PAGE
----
|Publication number||US4646292 A|
|Application number||US 06/782,681|
|Publication date||Feb 24, 1987|
|Filing date||Oct 1, 1985|
|Priority date||Oct 1, 1985|
|Also published as||CA1280484C, EP0217359A2, EP0217359A3|
|Publication number||06782681, 782681, US 4646292 A, US 4646292A, US-A-4646292, US4646292 A, US4646292A|
|Inventors||David S. Bither|
|Original Assignee||Aetna Telecommunications Laboratories|
|Export Citation||BiBTeX, EndNote, RefMan|
|Patent Citations (3), Referenced by (11), Classifications (9), Legal Events (7)|
|External Links: USPTO, USPTO Assignment, Espacenet|
The present invention relates to the control of transmissions over a network by many stations or nodes all sharing that same network transmission path. Typical of such systems is the case where many nodes are coupled into the same optical fiber network and are capable of receiving the transmissions of all the nodes in the network.
Various systems have evolved to permit the nodes on such a network to transmit and receive in a manner that does not cause a collision between nodes, i.e., prevents two or more nodes from trying to transmit over the network at the same time.
One such scheme is known as time slotting. In this system, each node in the network is assigned a slot of time in a repeating sequence of plural slots, each typically of the same, unvarying size. This system is very inefficient in the use of network time because the time in each slot is committed to the corresponding station whether or not that station has any information to send. Only where all nodes on the network are always busy is there efficient use of the network capacity in such a system. The entry of or deletion of nodes from the network also requires complete rearrangement of the timing system, or the inclusion of extra time slots which waste network time.
A second type of time sequencing for enabling all nodes on a network to have an opportunity to use the network communication capability is token passing. In this case, a node grabs the network and keeps it until it is finished with the traffic it wishes to send. That node then sends a token or special indicia over the network which informs the next to send node of the opportunity for it to transmit. This system is not ideal for real time network usage, such as in live voice communication or real time control in robotics, because it does not insure each node a chance to transmit often enough to maintain the requisite data exchange rate.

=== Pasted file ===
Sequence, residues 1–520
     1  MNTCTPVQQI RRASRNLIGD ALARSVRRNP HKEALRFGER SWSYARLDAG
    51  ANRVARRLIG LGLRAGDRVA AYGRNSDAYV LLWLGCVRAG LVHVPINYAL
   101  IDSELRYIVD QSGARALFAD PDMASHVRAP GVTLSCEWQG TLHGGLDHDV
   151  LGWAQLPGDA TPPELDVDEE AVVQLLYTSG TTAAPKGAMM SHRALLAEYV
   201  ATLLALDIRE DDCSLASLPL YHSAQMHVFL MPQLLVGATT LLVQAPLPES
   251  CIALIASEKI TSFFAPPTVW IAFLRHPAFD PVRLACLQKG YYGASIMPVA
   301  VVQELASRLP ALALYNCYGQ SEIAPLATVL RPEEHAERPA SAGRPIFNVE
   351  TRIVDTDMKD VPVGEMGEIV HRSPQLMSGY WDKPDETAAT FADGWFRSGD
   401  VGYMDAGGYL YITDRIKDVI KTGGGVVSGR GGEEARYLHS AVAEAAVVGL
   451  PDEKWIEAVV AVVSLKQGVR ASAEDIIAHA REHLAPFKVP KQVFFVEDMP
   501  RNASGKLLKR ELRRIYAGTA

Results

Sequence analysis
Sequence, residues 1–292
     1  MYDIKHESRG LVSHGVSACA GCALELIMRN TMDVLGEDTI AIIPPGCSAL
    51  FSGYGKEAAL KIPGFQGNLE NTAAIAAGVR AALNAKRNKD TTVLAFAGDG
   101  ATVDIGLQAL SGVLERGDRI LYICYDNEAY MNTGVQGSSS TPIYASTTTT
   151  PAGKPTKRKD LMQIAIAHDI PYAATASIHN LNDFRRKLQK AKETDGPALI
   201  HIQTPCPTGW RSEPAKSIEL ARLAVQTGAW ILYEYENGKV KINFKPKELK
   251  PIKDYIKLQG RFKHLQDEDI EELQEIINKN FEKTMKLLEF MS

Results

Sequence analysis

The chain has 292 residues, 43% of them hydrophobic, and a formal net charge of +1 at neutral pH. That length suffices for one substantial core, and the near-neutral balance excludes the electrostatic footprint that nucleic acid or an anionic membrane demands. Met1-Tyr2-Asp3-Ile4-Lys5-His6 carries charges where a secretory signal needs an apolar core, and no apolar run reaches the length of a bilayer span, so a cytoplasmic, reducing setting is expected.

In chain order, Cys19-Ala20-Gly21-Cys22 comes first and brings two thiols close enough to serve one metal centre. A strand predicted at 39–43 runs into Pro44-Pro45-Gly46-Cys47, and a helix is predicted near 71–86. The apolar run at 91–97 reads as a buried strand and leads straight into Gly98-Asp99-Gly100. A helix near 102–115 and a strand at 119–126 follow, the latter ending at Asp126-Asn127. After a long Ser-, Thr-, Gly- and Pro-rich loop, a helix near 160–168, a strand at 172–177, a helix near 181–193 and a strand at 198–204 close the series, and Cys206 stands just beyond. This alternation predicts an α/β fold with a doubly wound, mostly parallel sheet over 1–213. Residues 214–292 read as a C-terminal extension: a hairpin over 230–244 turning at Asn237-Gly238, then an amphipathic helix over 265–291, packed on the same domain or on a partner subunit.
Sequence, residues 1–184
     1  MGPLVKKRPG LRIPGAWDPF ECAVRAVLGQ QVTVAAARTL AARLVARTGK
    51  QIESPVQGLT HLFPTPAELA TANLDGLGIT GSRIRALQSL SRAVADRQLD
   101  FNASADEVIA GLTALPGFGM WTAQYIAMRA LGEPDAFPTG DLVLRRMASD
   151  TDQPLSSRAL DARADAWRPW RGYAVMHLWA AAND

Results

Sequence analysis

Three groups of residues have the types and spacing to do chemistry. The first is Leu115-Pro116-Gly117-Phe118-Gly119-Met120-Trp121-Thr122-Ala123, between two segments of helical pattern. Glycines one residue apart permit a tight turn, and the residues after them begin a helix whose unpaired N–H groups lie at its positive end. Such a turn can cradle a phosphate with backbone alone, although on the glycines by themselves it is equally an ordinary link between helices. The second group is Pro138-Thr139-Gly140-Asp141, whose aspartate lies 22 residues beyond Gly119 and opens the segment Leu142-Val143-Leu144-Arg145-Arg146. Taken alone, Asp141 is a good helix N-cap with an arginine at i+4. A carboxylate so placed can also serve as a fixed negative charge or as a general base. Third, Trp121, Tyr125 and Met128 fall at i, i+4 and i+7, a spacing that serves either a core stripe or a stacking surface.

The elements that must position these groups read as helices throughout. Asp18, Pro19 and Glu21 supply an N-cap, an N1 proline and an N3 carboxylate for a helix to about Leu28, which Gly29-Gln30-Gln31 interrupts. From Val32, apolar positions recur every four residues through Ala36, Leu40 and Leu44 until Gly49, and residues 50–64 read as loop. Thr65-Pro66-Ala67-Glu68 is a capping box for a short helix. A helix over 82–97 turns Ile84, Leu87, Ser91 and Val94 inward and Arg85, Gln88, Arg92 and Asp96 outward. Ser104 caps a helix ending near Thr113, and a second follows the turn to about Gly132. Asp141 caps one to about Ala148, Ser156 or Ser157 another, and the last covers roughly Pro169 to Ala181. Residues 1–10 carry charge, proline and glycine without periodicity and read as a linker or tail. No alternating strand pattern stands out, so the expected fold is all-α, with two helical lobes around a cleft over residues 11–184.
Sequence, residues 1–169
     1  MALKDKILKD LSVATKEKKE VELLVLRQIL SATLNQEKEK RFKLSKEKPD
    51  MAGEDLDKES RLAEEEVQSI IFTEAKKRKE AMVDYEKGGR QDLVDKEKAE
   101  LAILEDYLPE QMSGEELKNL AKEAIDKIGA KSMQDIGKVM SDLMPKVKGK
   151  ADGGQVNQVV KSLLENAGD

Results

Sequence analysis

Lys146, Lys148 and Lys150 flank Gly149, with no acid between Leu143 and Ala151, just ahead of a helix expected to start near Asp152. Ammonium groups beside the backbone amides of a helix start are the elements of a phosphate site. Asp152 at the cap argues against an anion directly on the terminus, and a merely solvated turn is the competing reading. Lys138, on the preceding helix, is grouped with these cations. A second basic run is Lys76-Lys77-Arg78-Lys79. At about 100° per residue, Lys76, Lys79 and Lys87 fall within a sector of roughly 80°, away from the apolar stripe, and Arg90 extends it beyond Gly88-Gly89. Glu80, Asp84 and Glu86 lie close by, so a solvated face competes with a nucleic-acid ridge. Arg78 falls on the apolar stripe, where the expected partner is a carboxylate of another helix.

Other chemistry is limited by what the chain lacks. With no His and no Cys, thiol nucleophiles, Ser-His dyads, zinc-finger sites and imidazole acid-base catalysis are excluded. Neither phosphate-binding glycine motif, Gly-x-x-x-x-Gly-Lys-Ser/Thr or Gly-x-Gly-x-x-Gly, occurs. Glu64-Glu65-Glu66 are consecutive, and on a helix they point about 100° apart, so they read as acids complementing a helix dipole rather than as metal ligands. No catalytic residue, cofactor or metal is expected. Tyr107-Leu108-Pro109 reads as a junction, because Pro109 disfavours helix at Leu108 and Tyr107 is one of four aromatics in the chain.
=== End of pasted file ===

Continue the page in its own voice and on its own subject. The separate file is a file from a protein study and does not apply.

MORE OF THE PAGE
A third system accommodating plural nodes trying to use the same network involves collision avoidance. Here a node desiring to send begins to transmit and continues unless it detects the presence of another node trying to send simultaneously. If this interfering situation is detected, both nodes cease sending and wait a different, randomly set interval before trying to send again. This approach is only efficient where there is little traffic from any of the nodes in the network. If communication is continuously underway, the time delays needed to resolve the collisions of nodes trying to send simultaneously is excessively wasteful.
A fourth approach to the simultaneous use of a single network by several nodes is the use of a master-slave hierarchy between nodes in which one node acts as controller for all the other nodes. Only in rare cases where the nodes are not fully independent is this system effective.
Finally, the grant-request approach of copending, commonly assigned application Ser. No. 534,562, filed Sept. 22, 1983, is an example of a further system utilizing a prioritization of requests for network use by all stations utilizing the same priority algorithm. Each station makes the same priority decision so that the node to send next is known to each node, including the node to send.
In accordance with the teaching of the present invention, there is shown a system by which a plurality of nodes communicates in a network in a manner efficiently accommodating nodes of varying transmission needs and additionally providing real time transmission access to the network to accommodate voice communication, factory automation, video, etc. Each node in the network is placed in a repeating sequence of times for it to transmit, each time unique to each node. A short, but predictable minimum time period is established between messages sent over the network by different nodes, and during a message interval the appropriate node will transmit a minimum message. This enables all nodes to count the passage of assigned times for each node in the network. Each node identifies in this manner when each node, including itself, will have the opportunity to transmit. A maximum amount of time is allotted to each node for its message transmission which prevents network hogging by any one or more nodes, while there is a very small minimum message size which in turn insures that the network will not be significantly occupied by nodes that have no traffic to send.
Each node additionally times the network utilization by all other nodes and detects any deviation from the normal timing of message flow as a network jam, the disappearance or reappearance of a node, and instructs the local controller of the node to act accordingly.